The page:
Brewing Tea 101


If you are new to tea or want to revisit the basics of brewing, I hope this little article will help.

We take care of the way we infuse our teas, because this is the last step in the long series of process that make a leaf into a great beverage. It is a way to honour those who have cultivated and crafted the teas, as well as a way to enjoy it maximally.

First, let’s start with the different methods. You can brew your leaves “western style”, meaning in a big pot, for a couple of minutes, or “Chinese style”, or “gong fu cha style”, where several infusions will be done of the same leaves, lasting couple of seconds each.

It all comes down to personal preference and timing. While gong fu cha style demands a little bit more focus and manipulations, it it also very pleasant and aesthetic of an exercise. On the other hand, brewing in a big pot is handy, and can produce at once a greater quantity of tea.

“Western style”

If you are to go for a simple infusion in a big pot, there are two main parameters that matter: The duration of the infusion, and the temperature of the water.

How long will you steep the leaves for depends both on the leaves themselves, and on your taste preference. Usually the tea sellors will have recommendations for every tea. If you don’t mind a bit of bitterness as a trade off for stronger taste, you can test steeping a bit longer, and on the other hand if you like it light, steep a little quicker.

As for the temperature, there should as well be recommendations from, the sellor. As a general rule, white, yellow and green teas are infused in a milder temperature – around 80 degrees celcius – while black teas, oolongs and aged teas are infused in almost boiling water – around 95 degrees. A green tea infused in a boiling water might show it’s teeth and you’ll have a bitter tea instead of a round and oily liquor full of fragrance, while an oolong infused at 80 degrees will not give you all it’s taste potential.

Having said that though, these are general guidelines and not fixed rules. Some really good quality green teas can absolutely handle boiling water, and cold brews are also a thing so, it is all up for experiments. What stays true though, is that the colder the water, the longer you’ll have to steep the leaves. (cold brew gives great results, erasing almost entirely the bitterness and enhancing the fragrance – same with ice brew!)

One last thing to keep in mind when steeping loose leafs in a big pot, is to have enough capacity on your cups or in a pitcher to pour out the entire content of the teapot once the steeping time is reached. If you only serve yourself a cup and leave the rest in the pot until your’e ready for another cup, it will become harsh.

see available big pots

“Gong fu cha style”

The first thing to understand about timing, is that the aromatic oils chill at the surface of the leaves. Wether it is because the leaves have been rolled for the purpose of bringing these oils to the surface, or because they are tiny delicate leaves and buds with a fur fill with these oils responsible for aromas. These oils will be released into the water first. And this is one of the reason tea affectionados often prefer the gong fu cha method. Short steeps, with a little bit more leaves, and you have a mouth full of flavours. To test out a tea, this is the way to go.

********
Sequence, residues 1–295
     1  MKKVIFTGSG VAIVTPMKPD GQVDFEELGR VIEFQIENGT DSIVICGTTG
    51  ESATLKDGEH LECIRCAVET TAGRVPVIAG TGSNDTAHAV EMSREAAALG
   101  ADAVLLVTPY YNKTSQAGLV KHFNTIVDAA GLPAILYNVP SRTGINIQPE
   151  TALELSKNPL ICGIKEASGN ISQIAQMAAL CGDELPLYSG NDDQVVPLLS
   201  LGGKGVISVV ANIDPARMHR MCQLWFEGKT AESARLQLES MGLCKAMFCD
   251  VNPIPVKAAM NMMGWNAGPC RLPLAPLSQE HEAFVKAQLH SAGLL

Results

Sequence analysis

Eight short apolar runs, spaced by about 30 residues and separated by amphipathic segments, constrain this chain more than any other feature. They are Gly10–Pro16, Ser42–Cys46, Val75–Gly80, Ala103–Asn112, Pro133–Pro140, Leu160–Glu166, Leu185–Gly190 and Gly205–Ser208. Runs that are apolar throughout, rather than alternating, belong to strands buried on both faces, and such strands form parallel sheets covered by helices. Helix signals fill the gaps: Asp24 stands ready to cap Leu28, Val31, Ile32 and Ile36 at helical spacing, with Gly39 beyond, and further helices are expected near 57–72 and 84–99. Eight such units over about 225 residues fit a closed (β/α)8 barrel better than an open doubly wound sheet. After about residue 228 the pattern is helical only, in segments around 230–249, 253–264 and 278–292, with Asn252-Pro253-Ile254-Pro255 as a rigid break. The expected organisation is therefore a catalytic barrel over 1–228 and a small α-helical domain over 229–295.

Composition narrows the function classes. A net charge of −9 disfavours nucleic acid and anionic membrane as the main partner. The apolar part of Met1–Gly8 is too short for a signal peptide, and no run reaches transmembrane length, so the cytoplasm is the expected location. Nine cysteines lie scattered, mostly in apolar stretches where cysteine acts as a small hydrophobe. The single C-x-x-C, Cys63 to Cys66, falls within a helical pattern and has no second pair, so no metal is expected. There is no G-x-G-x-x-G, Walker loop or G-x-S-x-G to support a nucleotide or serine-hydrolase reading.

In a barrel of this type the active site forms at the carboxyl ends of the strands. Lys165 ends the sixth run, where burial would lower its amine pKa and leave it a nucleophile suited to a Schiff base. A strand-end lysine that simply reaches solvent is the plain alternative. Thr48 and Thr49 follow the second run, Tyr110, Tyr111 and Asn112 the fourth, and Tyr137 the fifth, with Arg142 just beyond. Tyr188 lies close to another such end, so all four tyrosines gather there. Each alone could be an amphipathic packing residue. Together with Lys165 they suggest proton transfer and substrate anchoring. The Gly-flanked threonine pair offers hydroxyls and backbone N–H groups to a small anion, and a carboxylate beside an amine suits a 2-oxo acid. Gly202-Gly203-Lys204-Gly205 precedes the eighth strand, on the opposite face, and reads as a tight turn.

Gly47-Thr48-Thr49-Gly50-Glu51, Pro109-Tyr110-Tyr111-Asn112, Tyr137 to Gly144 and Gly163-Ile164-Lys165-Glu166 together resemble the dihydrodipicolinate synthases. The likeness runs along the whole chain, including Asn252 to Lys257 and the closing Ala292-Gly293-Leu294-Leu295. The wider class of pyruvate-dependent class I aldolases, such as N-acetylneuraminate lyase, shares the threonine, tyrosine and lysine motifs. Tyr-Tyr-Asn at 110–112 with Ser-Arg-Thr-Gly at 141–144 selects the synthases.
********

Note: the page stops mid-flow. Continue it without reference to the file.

Typically, the infusions will last 10 to 30 seconds each, and will increase slightly after the 3rd steep. The second is often the strongest, because the leaves are opened up and ready to release their juice, and still filled with all of it. Hence the second steep should be the shortest one, not the first. Depending on the tea, you will be able to get around 6 to 15 steeps. Whites and greens, as well as blacks will usually because less enjoyable (dry or bitter) firts, and oolongs and puerhs will be very generous.

For that style, you will need a small vessel – again depending on personnal preference but generally around 120ml. This vessel can be a teapot, a gaiwan, a shibo… as long as it’s small. Also, you will need a cup large enough to receive the whole content. Or, again, a pitcher, from which you can then pour out in two or three cups if you are sharing tea, for exemple. Also, having a thermos that keeps the water at the right temperature really helps, since you don’t have to reheat the water between every steep.

“Gong fu”, or “kung fu” (same word) means mastery, effort, skill. So this method is an art like any other, and it’s goal is to make the perfect cup.

This is also where you can expend your teaware and get a “boat” that can recieve water from rinces or first steeps you don’t want to drink etc. Basically play a little more with water, get messy while staying clean and dry on your table. You can also get a teapet, that will feed of your rejected first steeps and bring your sessions luck and cuteness, etc.

By controlling a minimum the time of infusion and the temperature of the water, you can make good tea either in a big pot or in a small gong fu cha pot. The choice depends on your equipment, time, and level of playfulness of the moment.

See available gong fu cha teapot